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Re: sex-life with Lymphedema

Postby erivertown » Fri Feb 04, 2011 7:34 pm

Dear Runnermom,

Cassie and Pat have asked me to respond to this. I am a licensed Occupational Therapist and Certified Lymphedema Therapist and owner of my own lymphedema clinic as well as one of the moderators of the group.

This is a question that has not come up before and so I'm going to address this from a professional point of view.

Cellulitis is caused by bacteria entering the tissue through openings in the skin, generally wound type openings. Even the smallest opening can be a portal for bacteria to enter. Your lymphatic system is a major component of your immune system. When you have damage to the lymphatics, as from your surgery, the lymphatics to that area of the body -- in this case, the lower pelvic area -- has compromised immunity because the cells that normally take care of bacteria that enter the body cannot get through the lymphatics in sufficient quantities to control the bacteria and cellulitis results.

The best way to prevent this bacteria from entering the body is to remove it from the surface and that means a good cleaning with soap and water. Antibacterial soap is good but not necessary; a good washing will clean 99% of bacteria and other germs. Since you contract cellulitis each time you have sexual intercourse, it means someone is carrying bacteria on their skin -- either you, your partner or both.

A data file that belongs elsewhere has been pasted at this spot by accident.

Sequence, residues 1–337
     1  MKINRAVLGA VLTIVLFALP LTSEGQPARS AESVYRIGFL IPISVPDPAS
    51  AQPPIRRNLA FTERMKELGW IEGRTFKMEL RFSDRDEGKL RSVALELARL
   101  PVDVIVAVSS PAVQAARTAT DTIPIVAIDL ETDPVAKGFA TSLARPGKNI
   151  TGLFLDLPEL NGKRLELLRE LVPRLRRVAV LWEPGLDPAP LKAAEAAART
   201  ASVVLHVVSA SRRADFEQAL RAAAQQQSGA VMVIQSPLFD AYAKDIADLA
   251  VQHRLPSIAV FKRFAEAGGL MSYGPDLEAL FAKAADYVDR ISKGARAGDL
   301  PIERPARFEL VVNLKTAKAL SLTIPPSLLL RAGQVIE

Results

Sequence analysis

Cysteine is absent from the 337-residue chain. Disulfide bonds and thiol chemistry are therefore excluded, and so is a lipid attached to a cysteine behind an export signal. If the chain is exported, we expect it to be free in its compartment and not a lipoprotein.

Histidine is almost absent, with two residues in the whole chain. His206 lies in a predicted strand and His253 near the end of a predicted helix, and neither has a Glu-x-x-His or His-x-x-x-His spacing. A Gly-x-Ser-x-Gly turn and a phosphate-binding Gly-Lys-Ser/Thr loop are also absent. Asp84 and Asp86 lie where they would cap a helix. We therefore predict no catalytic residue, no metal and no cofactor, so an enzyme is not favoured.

Prior to having not allowed, be sure to cleanse the vaginal area thoroughly and pay special attention to the vulva and labial folds. Wash again immediately after having not allowed. In addition, your partner should make sure his genitals and pubic area are also clean. If a condum is used, wash the outside of the condum (after donning) as it is unlikely they are manufactured under sterile conditions. Anything that comes into contact with your genital area must be clean. While careful attention to cleanliness will go a long way to reducing the risk of contracting cellulitis, it won't eliminate it entirely and so I would also strongly suggest keeping antibiotics on hand and take them at the first sign of infection.

As for avoiding another pregnancy, there are two things you can do: allow at least one week before your normal menstruation (period) and at least one week after the menstruation before continuing sexual activity. Secondly, have your partner wear a condum (and follow the cleaning instructions above). Otherwise talk to your doctor about other methods of birth control.